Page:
Diane Paulus's ingenious circus revamp of Pippin is indeed a magic to-do. The American Repertory Theater-generated, Broadway-bound revival floats a starry Big Top over the self-consciously theatrical 1972 musical by Stephen Schwartz and Roger O. Hirson, then fills it with acrobatic feats of derring-do. One almost forgets that Pippin, which in its original incarnation ran for almost five years on Broadway but has not been there since, is a flimsier precursor to Avenue Q, set not on Sesame Street but in a faux Middle Ages, where the whiny eldest son of Charlemagne sets out to find his purpose.
Believe me, this is as fabulous as Pippin will ever get. You know that from the get-go, when the extreme circus artists who round out the show's terrific singing, dancing cast form the title character's name with their elastic bodies and Matthew James Thomas's Pippin jumps through the paper-hoop portion of his first initial to land on his feet. And that's just the beginning of the sinuous theatrics dreamed by "circus creator" Gypsy Snider, a co-founder of Cirque du Soleil's less overblown Montreal cousin, Les 7 doigts de la main.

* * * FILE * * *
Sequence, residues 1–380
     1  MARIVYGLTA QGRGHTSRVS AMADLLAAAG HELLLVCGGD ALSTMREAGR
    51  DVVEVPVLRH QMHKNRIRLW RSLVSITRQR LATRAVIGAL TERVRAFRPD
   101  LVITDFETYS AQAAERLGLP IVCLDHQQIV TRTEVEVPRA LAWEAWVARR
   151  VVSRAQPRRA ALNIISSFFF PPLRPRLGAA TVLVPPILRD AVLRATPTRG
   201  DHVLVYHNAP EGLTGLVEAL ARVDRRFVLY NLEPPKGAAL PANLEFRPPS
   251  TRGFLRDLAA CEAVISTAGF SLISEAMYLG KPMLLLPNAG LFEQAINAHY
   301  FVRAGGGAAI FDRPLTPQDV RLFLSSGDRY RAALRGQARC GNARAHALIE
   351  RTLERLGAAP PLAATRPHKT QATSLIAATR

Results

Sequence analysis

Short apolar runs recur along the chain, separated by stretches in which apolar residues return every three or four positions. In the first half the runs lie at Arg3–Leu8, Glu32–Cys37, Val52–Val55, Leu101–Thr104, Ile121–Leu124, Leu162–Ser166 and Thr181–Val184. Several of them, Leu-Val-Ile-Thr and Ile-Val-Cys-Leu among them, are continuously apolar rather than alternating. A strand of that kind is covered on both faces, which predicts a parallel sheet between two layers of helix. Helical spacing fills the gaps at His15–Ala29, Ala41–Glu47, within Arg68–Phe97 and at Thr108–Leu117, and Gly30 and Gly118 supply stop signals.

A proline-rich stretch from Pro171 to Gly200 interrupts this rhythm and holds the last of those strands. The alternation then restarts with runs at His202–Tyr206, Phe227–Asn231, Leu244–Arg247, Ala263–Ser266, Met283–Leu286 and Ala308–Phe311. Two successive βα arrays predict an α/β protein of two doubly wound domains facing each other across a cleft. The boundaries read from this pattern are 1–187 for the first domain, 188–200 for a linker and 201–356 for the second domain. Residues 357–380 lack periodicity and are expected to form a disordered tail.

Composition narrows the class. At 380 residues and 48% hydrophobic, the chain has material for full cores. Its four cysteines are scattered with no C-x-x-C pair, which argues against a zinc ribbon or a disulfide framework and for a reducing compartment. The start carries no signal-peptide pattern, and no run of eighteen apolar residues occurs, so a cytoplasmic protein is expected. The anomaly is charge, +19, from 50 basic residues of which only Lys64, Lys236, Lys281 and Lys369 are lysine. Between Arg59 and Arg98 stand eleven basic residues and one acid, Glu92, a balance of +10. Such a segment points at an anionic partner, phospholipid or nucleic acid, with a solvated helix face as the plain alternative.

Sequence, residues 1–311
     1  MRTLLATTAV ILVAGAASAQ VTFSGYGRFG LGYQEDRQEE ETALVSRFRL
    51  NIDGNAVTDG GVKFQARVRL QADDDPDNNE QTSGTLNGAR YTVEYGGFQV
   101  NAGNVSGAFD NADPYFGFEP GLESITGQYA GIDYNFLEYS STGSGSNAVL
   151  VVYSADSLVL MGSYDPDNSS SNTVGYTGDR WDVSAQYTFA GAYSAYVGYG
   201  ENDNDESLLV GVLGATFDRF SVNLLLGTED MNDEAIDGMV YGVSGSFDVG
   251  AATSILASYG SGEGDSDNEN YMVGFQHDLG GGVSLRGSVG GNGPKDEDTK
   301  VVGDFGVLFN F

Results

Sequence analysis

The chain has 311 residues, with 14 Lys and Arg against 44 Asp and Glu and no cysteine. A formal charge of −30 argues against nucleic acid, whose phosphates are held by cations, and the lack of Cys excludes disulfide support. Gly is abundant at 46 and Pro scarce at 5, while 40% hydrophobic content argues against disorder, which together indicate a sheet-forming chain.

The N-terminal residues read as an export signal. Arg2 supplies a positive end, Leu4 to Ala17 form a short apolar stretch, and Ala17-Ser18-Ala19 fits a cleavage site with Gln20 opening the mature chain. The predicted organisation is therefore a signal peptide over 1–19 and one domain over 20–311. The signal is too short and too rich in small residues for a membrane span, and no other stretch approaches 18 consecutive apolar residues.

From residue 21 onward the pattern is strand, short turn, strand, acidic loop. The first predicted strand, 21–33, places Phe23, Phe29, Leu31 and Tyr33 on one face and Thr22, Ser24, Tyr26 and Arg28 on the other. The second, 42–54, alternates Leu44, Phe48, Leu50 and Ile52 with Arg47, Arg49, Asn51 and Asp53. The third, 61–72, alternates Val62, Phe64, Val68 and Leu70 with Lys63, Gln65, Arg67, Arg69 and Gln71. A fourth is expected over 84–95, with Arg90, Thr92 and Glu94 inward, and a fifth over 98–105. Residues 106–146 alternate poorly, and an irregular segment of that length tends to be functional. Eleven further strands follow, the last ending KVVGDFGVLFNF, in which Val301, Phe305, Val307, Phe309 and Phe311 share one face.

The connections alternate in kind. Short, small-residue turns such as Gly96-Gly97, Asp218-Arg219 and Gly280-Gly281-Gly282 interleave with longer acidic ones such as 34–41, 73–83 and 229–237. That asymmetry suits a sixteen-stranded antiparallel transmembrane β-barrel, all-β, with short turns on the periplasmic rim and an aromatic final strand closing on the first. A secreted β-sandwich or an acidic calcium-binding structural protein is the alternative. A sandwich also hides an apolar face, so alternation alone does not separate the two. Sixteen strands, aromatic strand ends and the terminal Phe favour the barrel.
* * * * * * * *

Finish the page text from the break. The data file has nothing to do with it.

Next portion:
Fans of the musical (which has its devotees, Paulus included) may think the aerial, acrobatic, and contortionist dazzle overwhelms the thin if perky musical about looking for fulfillment in all the wrong if glorified places before settling for an ordinary life that involves setting neither the world nor oneself on fire. But such folks will have to content themselves that this is also an accomplished core production of Pippin, a sort of lesser Candide, wielding pop-composer Schwartz, his star reignited by Wicked, instead of Leonard Bernstein.
Paulus is smart enough to retain the original show's stylistic signature in the Bob Fosse–inspired choreography of original Pippin cast replacement Chet Walker, who supplies all the splayed hands and jutting pelvises you could want. And to nab the sublime Andrea Martin, who, hanging from more than the Borscht Belt, milks comic nectar from the bouncing carpe diem number, "No Time at All." Then Paulus marries Pippin's old tricks to the beckoning circus ring-mastered by Patina Miller as the Leading Player. The slinkily commanding Miller mixes a little Joel Grey into the role that won Ben Vereen a Tony, and she seems possessed of hips on hinges.
PIPPIN :: Loeb Drama Center, 64 Brattle St, Cambridge :: Through January 20 :: $25-$85 :: 617.547.8300 or americanrepertorytheater.org